You can request an absentee ballot online or through your parish registrar of voters up to four days before Election Day. To be eligible for an absentee ballot, you must provide an explanation for why you cannot go to the polls. If you’re disabled or an older adult, you may qualify for the “disability program,” which provides mail ballots or assisted voting facilitated by a county official for life. Your ballot must be returned before the polls close, either by mail or by hand, to your registrar of voters.

Maine

Your voter registration must be received by Oct. 18, but you can also register in person on Election Day.

Anyone in Maine may apply for an absentee ballot and has until three business days before the election to do so. The ballot must be returned to the municipal clerk’s office before polls close, but you also have the option of absentee voting in person for the month preceding the election –in which case you do not need to file a request form.

A poster advertising the 2012 presidential election.

Photo credit: Rob Stinnett

Maryland

Your voter registration must be postmarked by Oct. 18.

Any Maryland voter can request an absentee ballot online or through their local board of elections, and ballots may be mailed or hand-delivered to the local board of elections office. Maryland also allows individuals to vote absentee in person at a board of elections office if they know they cannot get to the polls on Election Day. Maryland does not have a permanent absentee program, so you need to request an absentee ballot every time.

Massachusetts

Your voter registration must be postmarked by Oct. 19.

Massachusetts voters must submit a written request to their city or town clerk or the election commission. They are required to provide an excuse for not being able to vote in person, such as overseas travel, work conflicts or disability. Ballots can be returned via mail or by hand to your elections official.

Michigan

Your voter registration must be postmarked by Oct. 11.

Michigan voters who are unable to visit the polls in person due to factors like overseas employment, disability or fundamental work conflicts can request an absentee ballot from their city or township clerk. You have until the polls close on Election Day to vote and return your ballot to the clerk, either by mail or in person.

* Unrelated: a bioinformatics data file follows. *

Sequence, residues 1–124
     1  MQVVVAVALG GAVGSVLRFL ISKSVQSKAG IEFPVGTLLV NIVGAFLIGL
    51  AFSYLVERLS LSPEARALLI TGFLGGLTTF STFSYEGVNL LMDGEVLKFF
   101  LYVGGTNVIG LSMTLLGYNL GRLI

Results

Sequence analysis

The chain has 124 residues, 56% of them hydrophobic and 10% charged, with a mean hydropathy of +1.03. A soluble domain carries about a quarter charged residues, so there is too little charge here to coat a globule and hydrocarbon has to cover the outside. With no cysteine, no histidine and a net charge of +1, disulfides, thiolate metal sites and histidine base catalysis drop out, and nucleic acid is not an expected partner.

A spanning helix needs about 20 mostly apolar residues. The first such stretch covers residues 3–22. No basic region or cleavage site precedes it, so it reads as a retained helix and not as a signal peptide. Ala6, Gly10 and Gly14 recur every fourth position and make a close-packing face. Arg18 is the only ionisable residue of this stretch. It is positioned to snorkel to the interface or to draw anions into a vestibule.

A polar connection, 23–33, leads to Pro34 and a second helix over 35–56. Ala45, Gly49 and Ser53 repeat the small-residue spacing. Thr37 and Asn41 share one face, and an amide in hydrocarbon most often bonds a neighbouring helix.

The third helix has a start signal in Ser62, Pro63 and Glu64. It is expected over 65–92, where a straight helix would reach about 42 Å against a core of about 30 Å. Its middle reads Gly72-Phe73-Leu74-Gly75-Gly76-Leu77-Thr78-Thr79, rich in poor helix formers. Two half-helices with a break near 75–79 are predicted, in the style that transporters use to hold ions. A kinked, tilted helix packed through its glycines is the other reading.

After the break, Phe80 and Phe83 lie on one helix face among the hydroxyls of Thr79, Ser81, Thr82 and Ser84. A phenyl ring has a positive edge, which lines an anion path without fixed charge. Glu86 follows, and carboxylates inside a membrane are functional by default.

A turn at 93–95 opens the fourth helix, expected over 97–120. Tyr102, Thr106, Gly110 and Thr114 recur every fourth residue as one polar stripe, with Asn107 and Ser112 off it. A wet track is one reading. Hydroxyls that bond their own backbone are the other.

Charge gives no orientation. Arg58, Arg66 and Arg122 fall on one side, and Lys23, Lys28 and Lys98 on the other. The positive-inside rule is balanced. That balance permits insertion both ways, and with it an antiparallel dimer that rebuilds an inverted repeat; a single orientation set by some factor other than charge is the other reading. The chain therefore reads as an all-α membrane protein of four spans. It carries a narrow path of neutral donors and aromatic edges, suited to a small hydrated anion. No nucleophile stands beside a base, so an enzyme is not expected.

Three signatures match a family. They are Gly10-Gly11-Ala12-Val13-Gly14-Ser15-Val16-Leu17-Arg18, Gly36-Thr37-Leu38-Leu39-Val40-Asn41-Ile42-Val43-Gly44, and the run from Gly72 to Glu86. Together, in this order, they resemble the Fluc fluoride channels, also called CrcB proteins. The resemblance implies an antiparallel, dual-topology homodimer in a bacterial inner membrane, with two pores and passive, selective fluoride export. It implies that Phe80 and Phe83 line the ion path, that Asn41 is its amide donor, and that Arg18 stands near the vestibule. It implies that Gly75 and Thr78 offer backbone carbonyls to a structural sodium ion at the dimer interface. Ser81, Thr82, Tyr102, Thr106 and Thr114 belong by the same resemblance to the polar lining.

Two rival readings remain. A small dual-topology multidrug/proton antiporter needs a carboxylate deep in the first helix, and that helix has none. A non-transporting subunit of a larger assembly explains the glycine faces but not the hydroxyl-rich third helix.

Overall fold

Minnesota

Your voter registration must be received by Oct. 18, but you can also register in person on Election Day with proof of residency. Anyone can ask for an absentee ballot in Minnesota — and if you aren’t registered to vote, you can do that at the same time. The state has a handy online portal to make it easy, though you are required to apply for every single election — unless you have a permanent disability that keeps you away from the polls.

If you’re not feeling the internet, there’s a paper application too. Your ballot must be returned in person or by mail to your county election office before the polls close. If something goes wrong, call to request a replacement ballot or ask to cancel your ballot so you can vote in person at the polls or your county elections office.

Mississippi

Your voter registration must be postmarked by Oct. 8.

Mississippi residents are only eligible for absentee voting if they can provide an excuse — such as travel, disability or a conflicting work schedule. They can request a form from a circuit or municipal clerk to fill out for a given election. Ballots must be returned by mail or by hand before polls close on Election Day.

Missouri

Your voter registration must be received by Oct. 12.